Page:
Food retailers have long focused on ensuring food quality and safety; now consumers are increasingly concerned about these issues as well. In a recent Emerson study of 1,000 U.S. consumers, 51% said they:

  • Worry about the safety of fresh and frozen foods during transportation to stores
  • Would be less likely to shop from stores that aren’t using the latest technologies throughout their supply chain to help ensure food safety

So the challenge for retailers has become how to meet these consumer expectations while also protecting their brand reputations. The solution? Adopt best practices that enable them to maintain strict temperature adherence for fresh and frozen products at every step of the food supply chain.

Preserving Quality and Minimizing Loss

Delivering poor-quality perishable products or past-ripe produce only erodes customers’ loyalty and gives them a reason to switch to different brands — or shop at a competitor’s grocery store. So temperature control for quality (TCQ) initiatives throughout the cold chain are critical to maximizing freshness and minimizing shrink.

If produce becomes too ripe — from poor temperature control or time-of-harvest conditions — it will naturally have a shorter shelf life. Pre-conditioned fruits such as avocados should be carefully monitored to ensure they are continuously kept at the correct temperatures.

Maintaining Proper Temperatures for Safety

Keeping shipping temperatures at precise setpoints throughout the journey from farm to fork is critical to ensuring that food is safe to consume and also preserving perishable food quality. Temperature control safety (TCS) initiatives are mainly concerned with the safe shipping of fresh and frozen meats, seafood, select produce and dairy products. If temperatures deviate from safe ranges or become too warm:

  • The safety of fresh and frozen meat along with seafood will degrade
  • Product will purge (or release water) initially, then begin to grow and spread bacteria, which increases the risk of foodborne illness

Cross-contamination can also occur when meat, seafood and produce are stacked together closely within a transport shipping container or arranged on a stack of pallets — which increases the potential for foodborne illness outbreaks and customer injuries. Improper sanitization procedures between loads can also lead to cross-contamination.

Nine Best Practices for Perishable Food Transport

So how can grocery retailers ensure food safety and quality?

A holistic approach that considers key factors at every step of the perishable supply chain must be followed along with careful coordination among producers and shippers. Here are nine best practices for retailers to adopt from inbound harvest and transport to outbound shipping and receipt from distribution centers (DCs):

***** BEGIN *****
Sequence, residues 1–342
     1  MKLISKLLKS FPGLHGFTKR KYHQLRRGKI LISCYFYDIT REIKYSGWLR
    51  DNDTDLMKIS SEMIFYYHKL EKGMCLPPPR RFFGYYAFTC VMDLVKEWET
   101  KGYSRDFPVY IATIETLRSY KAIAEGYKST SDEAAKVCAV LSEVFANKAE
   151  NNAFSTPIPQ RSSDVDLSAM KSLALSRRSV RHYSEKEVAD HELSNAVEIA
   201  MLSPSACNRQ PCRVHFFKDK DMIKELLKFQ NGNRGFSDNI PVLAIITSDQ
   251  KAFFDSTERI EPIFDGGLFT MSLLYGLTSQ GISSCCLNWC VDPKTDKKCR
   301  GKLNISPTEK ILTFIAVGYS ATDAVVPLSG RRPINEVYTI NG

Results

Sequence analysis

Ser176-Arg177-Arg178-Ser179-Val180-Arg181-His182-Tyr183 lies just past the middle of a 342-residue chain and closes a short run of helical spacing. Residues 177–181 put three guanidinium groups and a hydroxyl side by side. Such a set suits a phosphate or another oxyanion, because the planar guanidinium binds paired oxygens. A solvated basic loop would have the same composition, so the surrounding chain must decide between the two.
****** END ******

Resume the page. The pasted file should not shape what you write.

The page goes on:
1. Pre-cooling: Stabilize product temperatures with a process after harvest and prior to loading in refrigerated shipping containers.
  2. Transport refrigeration: Ensure proper refrigeration and insulation of reefer trucks and trailers.
  3. Inspection: Visually inspect trailers between loads to ensure a clean and contaminant-free space.
  4. Temperature stability: Maintain continuous setpoint temperatures throughout a trip; do not permit the use of fuel-saver mode or starting/stopping of refrigeration.
  5. Calibration: Annually calibrate the thermistor(s) of reefer trucks and/or trains.
  6. Loading: Correctly load pallets to enable proper airflow and consistent temperatures from the front to the back of trailers.
  7. Load transfer and receipt: Do not allow trailers to sit in receiving docks for extended durations, especially in warm regions; limit opening of trailer doors to maintain holding temperatures.
  8. Avoid mixed loads: Avoid trying to save fuel costs by mixing loads with a combination of fresh and/or frozen products with different ideal temperature setpoints.
  9. Data logging: Enable the automatic capturing and recording of trip temperature data for reporting and verification of quality assurance and to help resolve disputes or questions over rejected loads.

Pick an Expert Partner for Cold Chain Management

Protecting consumer safety is an ethical prerequisite for food retailers. At the same time, it’s important to remember that it only takes one incident to permanently impact your business reputation and potentially incur the significant financial impacts of fines and litigation. That makes it imperative for retailers to clearly understand everything that contributes to food quality and safety throughout the food supply chain. Then, they should partner with an expert to help them deploy the modern tools and technologies needed to address the many challenges associated with perishable cold chain management.